Nigeria: Global Malaria Control – It’s Time to Cast Down the Net
Tuesday, February 22, 2011
Maybe as her own demonstration of love during the Valentine season, the First Lady of Nigeria – Dame Patience Jonathan on Sunday February 13, 2011 turned a portion of Aso Rock into a repository for insecticide-treated nets (ITNs) that were subsequently distributed to some categories of Nigerian women.
Her love gift is one out of the numerous efforts by various individuals, groups, communities, societies, agencies, governments, stakeholders and non stakeholders alike, in the fight against malaria that has decisively and ruthlessly dealt with the third world tropical countries of sub-Saharan Africa.
Public health officials had hoped to wipe out malaria during the 20th century. However, malaria parasites have developed several defense mechanisms against many anti-malarial drugs. This response, known as drug resistance, makes the drugs less effective. In addition, the Anopheles mosquitoes that transmit the disease have become resistant to many insecticides. Hence malaria remains a global health problem although Nigeria and other sub-Saharan Africa countries are worst hit, and public health efforts today focus on controlling it.
Although a worldwide effort is under way to develop potent vaccines that protect against malaria, the prospect so far has not been bright and medical scientists are still several light years away from making reliable, stable and safe malaria vaccines available. In the meantime however, researches by the WHO and other bodies have found that sleeping under mosquito bed nets treated with insecticide can greatly reduce deaths from malaria, especially among children.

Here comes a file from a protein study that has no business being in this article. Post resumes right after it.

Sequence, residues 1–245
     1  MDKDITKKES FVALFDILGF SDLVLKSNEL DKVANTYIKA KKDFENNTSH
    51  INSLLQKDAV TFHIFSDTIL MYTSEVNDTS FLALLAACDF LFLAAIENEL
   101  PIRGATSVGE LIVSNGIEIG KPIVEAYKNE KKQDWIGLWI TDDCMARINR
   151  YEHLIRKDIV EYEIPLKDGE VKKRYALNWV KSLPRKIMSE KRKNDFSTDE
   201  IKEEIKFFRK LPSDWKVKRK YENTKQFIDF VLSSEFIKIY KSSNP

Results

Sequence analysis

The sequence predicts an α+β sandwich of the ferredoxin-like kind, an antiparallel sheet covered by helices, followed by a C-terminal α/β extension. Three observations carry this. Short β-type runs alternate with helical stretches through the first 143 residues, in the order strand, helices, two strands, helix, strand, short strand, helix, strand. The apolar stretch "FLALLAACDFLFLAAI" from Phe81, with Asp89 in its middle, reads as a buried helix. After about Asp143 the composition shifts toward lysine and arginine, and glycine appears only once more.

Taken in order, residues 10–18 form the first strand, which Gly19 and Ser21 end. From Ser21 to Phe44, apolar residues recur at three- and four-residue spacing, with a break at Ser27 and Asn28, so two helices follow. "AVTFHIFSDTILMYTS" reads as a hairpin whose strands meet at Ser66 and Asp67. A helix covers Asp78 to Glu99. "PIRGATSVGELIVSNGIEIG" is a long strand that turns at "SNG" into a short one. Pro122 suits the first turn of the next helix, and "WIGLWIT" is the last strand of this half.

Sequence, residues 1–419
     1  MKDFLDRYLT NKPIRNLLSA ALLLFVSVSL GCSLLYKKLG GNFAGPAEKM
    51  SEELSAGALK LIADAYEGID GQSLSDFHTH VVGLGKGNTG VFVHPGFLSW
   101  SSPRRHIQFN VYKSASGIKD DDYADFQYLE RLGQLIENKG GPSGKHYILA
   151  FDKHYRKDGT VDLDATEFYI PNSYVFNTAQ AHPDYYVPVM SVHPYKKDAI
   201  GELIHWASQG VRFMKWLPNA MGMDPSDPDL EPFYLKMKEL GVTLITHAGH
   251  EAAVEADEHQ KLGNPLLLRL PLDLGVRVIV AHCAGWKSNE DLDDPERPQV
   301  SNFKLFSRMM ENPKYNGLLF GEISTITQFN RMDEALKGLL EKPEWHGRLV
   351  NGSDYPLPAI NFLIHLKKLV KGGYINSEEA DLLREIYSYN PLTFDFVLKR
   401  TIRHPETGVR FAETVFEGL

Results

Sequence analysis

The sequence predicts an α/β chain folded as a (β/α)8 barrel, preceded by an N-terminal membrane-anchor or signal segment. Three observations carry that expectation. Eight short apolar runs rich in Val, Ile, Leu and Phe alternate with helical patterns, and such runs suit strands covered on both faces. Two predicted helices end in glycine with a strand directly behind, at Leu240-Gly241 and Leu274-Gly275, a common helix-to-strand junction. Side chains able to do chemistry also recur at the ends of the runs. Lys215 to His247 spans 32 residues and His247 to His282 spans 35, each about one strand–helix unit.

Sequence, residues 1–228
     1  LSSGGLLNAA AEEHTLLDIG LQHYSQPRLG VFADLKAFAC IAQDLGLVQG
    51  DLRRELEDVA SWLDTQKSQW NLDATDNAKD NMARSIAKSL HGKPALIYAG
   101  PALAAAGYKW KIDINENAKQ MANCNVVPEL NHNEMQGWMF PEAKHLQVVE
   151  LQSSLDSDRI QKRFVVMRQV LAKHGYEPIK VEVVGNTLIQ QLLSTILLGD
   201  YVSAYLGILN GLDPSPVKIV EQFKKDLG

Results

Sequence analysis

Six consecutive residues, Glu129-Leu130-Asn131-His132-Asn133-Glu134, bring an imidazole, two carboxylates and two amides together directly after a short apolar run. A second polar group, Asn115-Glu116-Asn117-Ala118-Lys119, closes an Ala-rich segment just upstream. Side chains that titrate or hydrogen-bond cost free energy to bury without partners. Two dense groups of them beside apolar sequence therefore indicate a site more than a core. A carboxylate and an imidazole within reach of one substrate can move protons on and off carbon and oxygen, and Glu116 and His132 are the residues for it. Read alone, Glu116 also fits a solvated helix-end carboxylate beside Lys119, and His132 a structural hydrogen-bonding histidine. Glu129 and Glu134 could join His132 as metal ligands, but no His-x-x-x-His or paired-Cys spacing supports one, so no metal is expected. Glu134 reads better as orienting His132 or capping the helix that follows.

Nets treated with insecticides-known as insecticide treated nets (ITNs) — were developed in the 1980s for malaria prevention. Insecticide-treated nets (ITN) are estimated to be twice as effective as untreated nets, and offer greater than 70 per cent protection compared with no nets. These nets are dip treated using a synthetic pyrethroid insecticide such as deltamethrin or permethrin which will double the protection over a non-treated net by killing and repelling mosquitoes. ITNs have been shown to be the most cost-effective prevention method so far against malaria and are part of WHO’s plan towards the realization and actualization of Millennium Development Goals (MDGs).